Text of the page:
FLORENCE, Colo. (BP)–Rick Ferguson once wrote about the comfort of Christ’s love in his book, “The Servant Principle”:
“As a pastor, I have performed literally hundreds of funerals. I have officiated ceremonies for the saved and unsaved. I’ve presided over funerals for Christian families and for families who have no faith in God. The most noticeable difference between the two types of families I have witnessed is the believers’ experience of Christ’s love. Their comfort is visible, evident, and undeniable. When the pain of death and separation pierces the heart of the believer, the love of Jesus Christ actively, attentively, and purposefully cushions the sting and begins mending the ragged hole left behind.
“This is not to say bereaved Christians do not mourn. Their hearts ache because of the loss. Their tears stream just as heavily as they reflect on happy memories. Their lips quiver and their throats thicken and choke up as they attempt to eulogize their beloved friend or family member. The homes’ hallways still echo with laughter of past joys. Favorite chairs remain empty. Pictures are still poignant reminders of the beloved’s best qualities. Death is death. Loss is loss, regardless of salvation. It hurts all the same, and when you hurt, you will mourn.
“Even though the experience of death is the same for Christians and non-Christians, it is also much different. The unsaved feel helpless while a dying kin or friend struggles for life, but Christians find solace in knowing that everything that occurs does so above the caring net of God’s will. The lost search fruitlessly for a purpose in death, but the saved rest in the comfort that all things, even death, serve a definite purpose orchestrated by God. When the unbeliever drops to the bed, burying hot tears in the depths of pillows and shouting blame to God, the believer drops to knees bruised from constant prayer, lifting hands in praise and shouting, ‘Rejoice that God is still God!’ In the bleakest hours, when death is the only certainty, the future is filled with agonizing questions, and when the stark reality of saying your final goodbye coldly slaps a stinging smack across your face, God’s love is the only comfort.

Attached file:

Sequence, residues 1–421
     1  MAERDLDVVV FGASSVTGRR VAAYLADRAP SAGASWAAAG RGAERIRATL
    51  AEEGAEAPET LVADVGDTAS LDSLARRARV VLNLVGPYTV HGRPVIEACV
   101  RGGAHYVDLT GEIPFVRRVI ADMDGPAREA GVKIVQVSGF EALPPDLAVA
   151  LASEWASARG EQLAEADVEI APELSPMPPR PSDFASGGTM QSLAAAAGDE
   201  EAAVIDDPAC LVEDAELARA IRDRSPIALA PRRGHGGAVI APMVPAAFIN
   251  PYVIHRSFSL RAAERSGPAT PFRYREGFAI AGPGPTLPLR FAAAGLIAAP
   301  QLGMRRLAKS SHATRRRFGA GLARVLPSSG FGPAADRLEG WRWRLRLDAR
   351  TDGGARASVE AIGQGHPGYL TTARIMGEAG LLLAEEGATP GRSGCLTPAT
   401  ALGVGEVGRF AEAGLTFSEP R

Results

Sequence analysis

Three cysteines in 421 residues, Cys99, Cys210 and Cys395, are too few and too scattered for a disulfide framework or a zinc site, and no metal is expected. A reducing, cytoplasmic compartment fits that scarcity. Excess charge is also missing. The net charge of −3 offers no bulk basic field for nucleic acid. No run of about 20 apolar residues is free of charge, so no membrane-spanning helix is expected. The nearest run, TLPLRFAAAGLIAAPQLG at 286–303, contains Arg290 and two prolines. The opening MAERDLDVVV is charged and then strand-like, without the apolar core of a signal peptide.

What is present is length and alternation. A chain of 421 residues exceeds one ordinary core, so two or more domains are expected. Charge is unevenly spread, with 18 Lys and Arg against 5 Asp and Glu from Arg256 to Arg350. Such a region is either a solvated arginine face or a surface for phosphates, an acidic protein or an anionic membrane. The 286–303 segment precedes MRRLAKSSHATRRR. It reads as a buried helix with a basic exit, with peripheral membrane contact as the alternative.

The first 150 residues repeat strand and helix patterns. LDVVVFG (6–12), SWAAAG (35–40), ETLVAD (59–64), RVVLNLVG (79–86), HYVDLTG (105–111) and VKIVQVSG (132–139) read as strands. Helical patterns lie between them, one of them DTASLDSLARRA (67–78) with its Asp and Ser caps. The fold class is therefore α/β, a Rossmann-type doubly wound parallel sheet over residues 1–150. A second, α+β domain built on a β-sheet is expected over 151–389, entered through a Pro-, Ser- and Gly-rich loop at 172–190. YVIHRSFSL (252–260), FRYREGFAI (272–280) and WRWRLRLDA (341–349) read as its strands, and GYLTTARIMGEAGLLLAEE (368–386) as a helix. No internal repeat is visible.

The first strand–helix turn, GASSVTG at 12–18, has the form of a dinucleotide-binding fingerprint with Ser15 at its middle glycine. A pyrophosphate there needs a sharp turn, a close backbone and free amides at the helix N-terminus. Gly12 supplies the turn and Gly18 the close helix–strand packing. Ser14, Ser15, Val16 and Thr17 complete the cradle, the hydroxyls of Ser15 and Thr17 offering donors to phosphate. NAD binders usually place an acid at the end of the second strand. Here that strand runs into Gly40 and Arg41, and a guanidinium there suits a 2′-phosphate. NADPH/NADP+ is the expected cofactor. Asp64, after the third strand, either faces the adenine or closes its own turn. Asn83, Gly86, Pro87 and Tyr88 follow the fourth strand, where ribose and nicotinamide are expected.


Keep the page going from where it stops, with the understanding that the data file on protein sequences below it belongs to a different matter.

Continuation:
“And it is sufficient.”
Rick Ferguson will be missed for the very same reasons his life was so loudly and joyfully celebrated. He was a pastor to thousands. He was a pastor to pastors. He was a scholar. He was a visionary, a leader, an evangelist, a discipler, a minister, a worshipper, a prayer and a fellowshiper. More than anything, Rick was a man who loved Jesus.
It was a love for Jesus that led Rick to come to a church at the base of the Rocky Mountains still healing from past hurts. It was faith in God’s clarion promise of John 14:12 — “Most assuredly, I say to you, he who believes in Me, the works that I do he will do also; and greater works than these he will do, because I go to My Father” — that allowed Rick to look with eyes of faith and what eyes of flesh could not. These eyes of faith saw a church winning the Denver metroplex and even beyond to the Lord Jesus Christ. He saw a church of thousands giving birth to churches that gave birth to churches.